We stumbled across this cute little bakery in Bunkyo, Tokyo, and–after several days of dreaming about trying some of their baked goods–we decided to visit the friendly shop to try their Nama Cream Anpan.Apparently the shop’s primary specialty is Chiffon Cake, which I suppose most people would guess from the name of the bakery: Ciffon Plus. My coworkers and I, on the other hand, were much too focused on the enticing pictures posted on the windows to even look at the name of the shop when passing by. We just knew we had to try the Nama Cream Anpan! Our little treat came in a cute paper bag.
“Pan” means bread, “An” means sweet red bean paste, and “Nama” means fresh.
Look how pretty the bread looks with the single little red bean on top!
Here’s a view of the inside. Check out the layers: fluffy, subtly sweet, golden bread, light, fresh whipped cream, and smooth, sweet red bean paste. The three layers together make up just the right combination of texture and flavor.
We certainly enjoyed our Nama Cream Anpan, and have already been back for more. Sometime I’d really like to give one of the Ciffon Plus chiffon cakes a try, though that would mean I’d have to choose between several kinds: Earl Grey Tea, Cocoa Marble, and Cranberry, to name a few! Perhaps for our next Wine and Cheese Party?
Have you tried any new bakeries or baked goods lately?
Last weekend Chad and I stumbled across a bakery/cafe called Paul in Shinjuku, and from the amazing smell permeating the air alone, I knew I would have to visit soon. Fortunately, “soon” came this afternoon. We were trying to decide where to go for a walk, and I asked, “How about we walk to that bakery with that giant heart thing?”
These sandwiches looked just like the ones we had in France…
The massive heart “thing” (a palmier) I had my eyes on last weekend can be seen above on the bottom shelf! Drooling yet?
I loved the look of this bakery, both outside and in. Gorgeous glass windows showcased bread and a few pastries to view from outside, and the glass cases inside tempted us with everything else. Additionally, the ceiling was made of really pretty wood, there were simple prints throughout the bakery, and very subtle splashes of soft color.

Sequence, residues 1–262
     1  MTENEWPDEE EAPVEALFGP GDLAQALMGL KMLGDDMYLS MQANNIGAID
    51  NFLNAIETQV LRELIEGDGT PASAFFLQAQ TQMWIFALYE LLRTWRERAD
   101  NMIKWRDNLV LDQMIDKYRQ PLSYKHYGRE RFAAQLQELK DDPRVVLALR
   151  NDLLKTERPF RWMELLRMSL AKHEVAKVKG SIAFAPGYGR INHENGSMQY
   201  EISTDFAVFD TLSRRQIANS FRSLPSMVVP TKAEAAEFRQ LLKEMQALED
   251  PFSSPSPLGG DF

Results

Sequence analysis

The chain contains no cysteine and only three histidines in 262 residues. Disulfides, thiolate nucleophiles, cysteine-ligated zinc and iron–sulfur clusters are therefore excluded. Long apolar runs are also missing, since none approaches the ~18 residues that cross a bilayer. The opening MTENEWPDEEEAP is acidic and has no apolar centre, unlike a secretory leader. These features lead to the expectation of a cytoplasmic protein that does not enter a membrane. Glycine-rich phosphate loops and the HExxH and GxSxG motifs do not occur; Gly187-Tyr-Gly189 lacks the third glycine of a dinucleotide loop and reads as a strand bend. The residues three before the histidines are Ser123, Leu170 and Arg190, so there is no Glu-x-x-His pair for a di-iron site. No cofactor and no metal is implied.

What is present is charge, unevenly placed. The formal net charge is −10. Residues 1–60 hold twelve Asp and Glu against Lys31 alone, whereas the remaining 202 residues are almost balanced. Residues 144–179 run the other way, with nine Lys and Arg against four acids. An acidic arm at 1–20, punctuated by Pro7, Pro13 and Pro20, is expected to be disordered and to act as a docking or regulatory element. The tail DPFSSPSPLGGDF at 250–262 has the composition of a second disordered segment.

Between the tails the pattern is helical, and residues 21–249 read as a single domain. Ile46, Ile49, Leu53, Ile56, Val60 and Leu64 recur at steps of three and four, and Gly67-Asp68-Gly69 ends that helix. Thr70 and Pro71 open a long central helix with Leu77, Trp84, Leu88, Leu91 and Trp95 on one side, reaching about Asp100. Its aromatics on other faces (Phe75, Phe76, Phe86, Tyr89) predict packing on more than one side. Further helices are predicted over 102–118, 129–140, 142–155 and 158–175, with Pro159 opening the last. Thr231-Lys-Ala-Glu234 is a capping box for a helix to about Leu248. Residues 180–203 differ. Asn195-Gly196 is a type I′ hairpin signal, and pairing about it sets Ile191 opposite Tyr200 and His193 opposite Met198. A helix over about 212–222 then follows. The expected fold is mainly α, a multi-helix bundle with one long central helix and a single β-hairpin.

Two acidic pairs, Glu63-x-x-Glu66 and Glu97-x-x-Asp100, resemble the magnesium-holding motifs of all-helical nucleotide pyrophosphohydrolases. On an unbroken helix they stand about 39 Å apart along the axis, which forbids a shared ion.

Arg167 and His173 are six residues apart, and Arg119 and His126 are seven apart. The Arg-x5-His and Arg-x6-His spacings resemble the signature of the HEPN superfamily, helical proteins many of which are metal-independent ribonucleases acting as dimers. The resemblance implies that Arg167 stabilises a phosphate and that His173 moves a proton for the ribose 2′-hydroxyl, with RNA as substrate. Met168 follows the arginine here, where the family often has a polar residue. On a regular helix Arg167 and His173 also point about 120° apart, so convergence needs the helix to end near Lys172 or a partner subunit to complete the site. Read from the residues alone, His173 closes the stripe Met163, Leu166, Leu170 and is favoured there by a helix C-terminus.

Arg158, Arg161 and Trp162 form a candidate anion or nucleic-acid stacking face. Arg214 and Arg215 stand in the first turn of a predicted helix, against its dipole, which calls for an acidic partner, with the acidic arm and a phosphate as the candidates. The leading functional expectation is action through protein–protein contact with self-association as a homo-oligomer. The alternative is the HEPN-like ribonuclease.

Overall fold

After arriving home for the day, I researched a little bit about Paul and found out that it is a chain that started in France. The corporate history is kind of neat, and there’s other information on the international site if you’re interested, too.Chad and I decided to split a raspberry frangipane tartlet, and it was quite lovely.
The balance of the almond crust with the creamy cheesecake-like filling and the juiciness of the raspberries made for a delightful afternoon dessert. We decided to get the chocolate covered palmier to go for tea time later. Apparently, palmiers are made with puff pastry in a similar way to croissants, but without yeast. You know how much I love a good croissant, but I also really appreciate the light, flaky, crunchy texture of a good palmier. And now, rather than referring to them as heart-things, I will remember the actual pastry name!
Have you tried any new cafes lately?
A couple weeks ago my mom and I decided to try a new-to-us bakery in Muskegon called Hodgepodge Bakehouse!
When we first walked inside, we were greeted with a case of enticing baked goods.
It’s difficult to choose, believe me. My mom and I decided to go with Apple Fritters. Since each one was about the size of my face, I double-checked with my mom: “Do you want a whole one, or to split one?” She replied in a very matter-of-fact way that she wanted a whole one and I was like, “Yeah. Of course. Go big or go home. Totally makes sense.” On the inside I was like, “There’s no way I’m going to be able to finish this!”
I soon found out that you can do anything you put your mind to, however. I got about halfway through the fritter and felt super full, but it was just. so. good. All will power was lost. As if the fritter itself wasn’t enough, having delicious Ferris coffee to pair it with did nothing for my lack of inhibition.
Glazed on the outside with a fluffy, light inside, the apple fritters had a perfect balance of sweetness. The apple filling was spread throughout the filling like a delicate, almost creamy surprise, occasionally delighting you with a tiny apple wedge. In one word: fabulous.
My mom and I enjoyed our Hodgepodge experience amidst fun signs like “Donut Worry, Be Happy” (which could be my motto), and “A good baker will rise to the occasion… It’s the yeast he can do.”
Since going with my mom, I’ve already been back to Hodgepodge Bakehouse again with a friend (last time I indulged in a more reasonably sized donut with a cookie crumble topping). Hodgepodge Bakehouse also serves pizzas, soups, sandwiches and salads, all of which look really yummy from across the coffee and sweet-filled tray that tends to grace my table when I go. I’m so glad I got to try someplace new, and would recommend giving Hodgepodge Bakehouse a try if you’re in the area!